by Greg King on February 2, 2007 in Audio & Media
Wireless is now, so why not include your music within the realm of this amazing technology? That’s what Slim Devices is out to do with their Squeezebox. Not only can it wirelessly deliver music to anywhere in your home, it’s also finely tuned with the Rhapsody music service for the ability to listen to even more music. It can even handle lossless audio formats!
Music is one of the great passions in my life. Itâ€™s what we all listen to on our way to and from work and itâ€™s where we turn when we are at our best and want to feel good. Itâ€™s also there when our lives arenâ€™t exactly going as we had planned. There is just something about Beethovenâ€™s Moonlight Sonata that puts a troubled mind to ease. In that same thought, music has played a major role in all of our lives. Personally, for me, the first day each spring that is warm enough to cruise with the windows down in the car means one thing. Sublime. 40 oz. to Freedom is just one of those albums that completely takes me to another place and time and the same can be said for the Moonlight Sonata.
One of my digital pride and joys can be found on my hard drive in the form of a folder full of MP3â€™s. My tastes span many genres and itâ€™s a given that when people come over, there will be a song that they want to hear and more than likely, I have it. In the past few years, MP3 players have taken front and center stage in the audio world. This is best exemplified by the perennial powerhouse, Appleâ€™s iPod. However, the choices do not stop there. You can get an MP3 compatible stereo for your home, office or car. You can ever buy sunglasses with small ear buds built into them so you can listen to the tunes and still look cool. As a friend to all things tech, I appreciate hardware that fills a need in my life.
In my house, I have a computer room, my office and the family room that houses the entertainment center. Itâ€™s in the family room where the good old surround sound can be found. This is the room with the nice speakers that make the house go boom. With the only limit to my devices being my bank account, I donâ€™t have great speakers in the other rooms of my house but thatâ€™s not to say that there isnâ€™t great potential for the full media experience.
When we have parties, itâ€™s the entertainment center that gets the work out and not being to keen on running wires from my PC to the stereo receiver, there really isnâ€™t a convenient way to listen to all of my MP3â€™s on speakers that can actually do them justice. In my search for the perfect bridge between audio source and speaker, I have come across a company by the name of Slim Devices. They are the manufacturers of the popular Squeezebox.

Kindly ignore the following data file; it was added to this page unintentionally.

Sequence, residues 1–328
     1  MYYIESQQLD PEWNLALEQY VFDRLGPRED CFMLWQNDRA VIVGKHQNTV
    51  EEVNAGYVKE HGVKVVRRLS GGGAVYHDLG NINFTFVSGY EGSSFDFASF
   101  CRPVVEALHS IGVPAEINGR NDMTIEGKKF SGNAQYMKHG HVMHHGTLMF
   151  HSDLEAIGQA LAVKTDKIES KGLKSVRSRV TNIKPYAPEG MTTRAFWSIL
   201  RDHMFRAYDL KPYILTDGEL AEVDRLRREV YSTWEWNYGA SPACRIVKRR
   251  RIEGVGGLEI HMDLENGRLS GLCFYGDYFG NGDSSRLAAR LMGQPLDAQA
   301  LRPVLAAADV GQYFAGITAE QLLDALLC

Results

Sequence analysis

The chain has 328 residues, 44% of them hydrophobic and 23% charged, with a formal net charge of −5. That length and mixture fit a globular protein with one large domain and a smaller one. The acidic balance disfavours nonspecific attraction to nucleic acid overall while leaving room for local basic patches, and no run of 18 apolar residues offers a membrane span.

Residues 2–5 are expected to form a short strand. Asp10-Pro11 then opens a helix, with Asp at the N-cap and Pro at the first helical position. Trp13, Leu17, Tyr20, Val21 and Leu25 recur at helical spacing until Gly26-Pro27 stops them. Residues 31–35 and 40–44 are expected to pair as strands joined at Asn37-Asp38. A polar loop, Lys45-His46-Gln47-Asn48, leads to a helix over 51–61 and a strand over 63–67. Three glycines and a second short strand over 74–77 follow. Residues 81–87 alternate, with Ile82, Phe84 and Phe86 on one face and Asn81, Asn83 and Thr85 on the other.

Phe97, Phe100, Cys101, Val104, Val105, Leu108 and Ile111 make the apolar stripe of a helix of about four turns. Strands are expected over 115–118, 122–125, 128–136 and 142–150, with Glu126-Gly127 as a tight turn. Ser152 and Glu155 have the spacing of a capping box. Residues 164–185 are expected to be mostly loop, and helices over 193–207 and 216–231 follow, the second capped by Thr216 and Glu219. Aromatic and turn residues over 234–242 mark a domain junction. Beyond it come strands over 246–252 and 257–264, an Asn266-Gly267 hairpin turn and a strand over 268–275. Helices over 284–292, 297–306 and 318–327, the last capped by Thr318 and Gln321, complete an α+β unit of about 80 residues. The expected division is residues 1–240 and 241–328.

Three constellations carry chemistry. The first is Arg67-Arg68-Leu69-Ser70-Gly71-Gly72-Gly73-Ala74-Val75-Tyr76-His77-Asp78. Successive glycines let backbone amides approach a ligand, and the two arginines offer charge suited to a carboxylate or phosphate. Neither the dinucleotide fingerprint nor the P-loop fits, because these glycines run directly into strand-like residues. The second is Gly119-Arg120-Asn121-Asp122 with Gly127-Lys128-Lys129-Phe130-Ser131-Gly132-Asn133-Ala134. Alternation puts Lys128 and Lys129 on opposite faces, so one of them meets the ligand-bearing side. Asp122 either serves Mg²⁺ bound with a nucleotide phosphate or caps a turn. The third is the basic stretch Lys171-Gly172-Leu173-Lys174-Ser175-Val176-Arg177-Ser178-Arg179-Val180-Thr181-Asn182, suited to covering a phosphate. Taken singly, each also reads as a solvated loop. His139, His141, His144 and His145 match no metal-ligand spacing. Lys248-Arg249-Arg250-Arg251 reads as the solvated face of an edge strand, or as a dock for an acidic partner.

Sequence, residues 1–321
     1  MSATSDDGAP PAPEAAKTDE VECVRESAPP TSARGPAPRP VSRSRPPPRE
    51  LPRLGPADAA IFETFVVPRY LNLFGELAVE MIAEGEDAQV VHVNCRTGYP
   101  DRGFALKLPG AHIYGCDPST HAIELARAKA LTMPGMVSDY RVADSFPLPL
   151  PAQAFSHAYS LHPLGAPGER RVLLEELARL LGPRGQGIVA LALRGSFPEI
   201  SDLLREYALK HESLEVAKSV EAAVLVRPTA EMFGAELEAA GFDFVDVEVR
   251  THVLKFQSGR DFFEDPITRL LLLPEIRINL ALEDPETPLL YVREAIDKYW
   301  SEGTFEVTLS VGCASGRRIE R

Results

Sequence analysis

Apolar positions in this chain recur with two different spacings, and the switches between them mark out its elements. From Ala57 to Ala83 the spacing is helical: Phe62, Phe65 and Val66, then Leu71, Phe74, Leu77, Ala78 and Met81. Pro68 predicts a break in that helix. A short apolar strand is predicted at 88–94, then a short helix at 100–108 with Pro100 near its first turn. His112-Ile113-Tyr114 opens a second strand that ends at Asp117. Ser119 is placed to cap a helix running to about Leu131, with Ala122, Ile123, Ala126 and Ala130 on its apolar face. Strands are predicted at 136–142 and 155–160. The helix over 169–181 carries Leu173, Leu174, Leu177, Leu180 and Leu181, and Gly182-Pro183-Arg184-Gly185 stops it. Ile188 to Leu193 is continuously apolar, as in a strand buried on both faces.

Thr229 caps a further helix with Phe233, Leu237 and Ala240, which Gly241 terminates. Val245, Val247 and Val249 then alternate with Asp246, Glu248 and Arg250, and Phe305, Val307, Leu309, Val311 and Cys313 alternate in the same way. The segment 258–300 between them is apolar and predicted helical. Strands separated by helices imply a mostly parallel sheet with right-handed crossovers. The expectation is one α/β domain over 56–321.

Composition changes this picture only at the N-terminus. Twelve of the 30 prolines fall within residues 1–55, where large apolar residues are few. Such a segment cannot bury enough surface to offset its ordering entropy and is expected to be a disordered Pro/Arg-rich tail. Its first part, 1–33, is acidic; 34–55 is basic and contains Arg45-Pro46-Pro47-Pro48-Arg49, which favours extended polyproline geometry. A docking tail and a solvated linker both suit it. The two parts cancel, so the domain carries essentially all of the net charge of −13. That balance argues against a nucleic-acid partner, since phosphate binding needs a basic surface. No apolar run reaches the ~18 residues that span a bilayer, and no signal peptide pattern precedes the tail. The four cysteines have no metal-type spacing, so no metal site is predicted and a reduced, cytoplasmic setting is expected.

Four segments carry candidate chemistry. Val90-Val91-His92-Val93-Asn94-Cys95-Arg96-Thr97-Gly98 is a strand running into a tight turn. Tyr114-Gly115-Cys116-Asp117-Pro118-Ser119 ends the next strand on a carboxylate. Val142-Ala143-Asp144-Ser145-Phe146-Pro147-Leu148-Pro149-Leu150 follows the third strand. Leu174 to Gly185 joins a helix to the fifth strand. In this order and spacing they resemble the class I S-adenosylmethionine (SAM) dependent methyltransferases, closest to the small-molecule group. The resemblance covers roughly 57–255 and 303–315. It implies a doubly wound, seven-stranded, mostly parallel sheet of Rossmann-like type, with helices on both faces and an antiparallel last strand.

Founded in 2000, Slim Devices has been a manufacturer of high quality, well designed products catering to the home audio enthusiast. In 2001, they came to market with the SlimP3, a hardware device that could stream MP3s via an Ethernet line from a host PC running their free Slim Server software to any electrical component with audio in jacks. As time went on, they added more and more functionality to their product.
The first Squeezebox came out in 2003 and added wireless 802.11b WiFi for those that opted to go with the extra accessory. Now on their third generation of the Squeezebox, the newest box comes with optional 802.11b/g WiFi as well as a redesigned look. Can the Squeezebox deliver an exceptional home audio experience? While having very little experience with the previous versions, I have worked enough with the earlier Squeezebox (rev. 2) that I certainly know what I want.
Coming to us in the retail packaging, the Slim Devices Squeezebox is a reasonably small device which is evident by the size of the box. Colorful and informative, the Squeezeboxâ€™s marketing team did well to create a box that will stand out on the shelves of any store that carries the product.
On the side, we see lots of useful information. One thing to notice, and this is sure to make a lot of Anti-Windows users happy is the compatibility with Mac OS and Linux.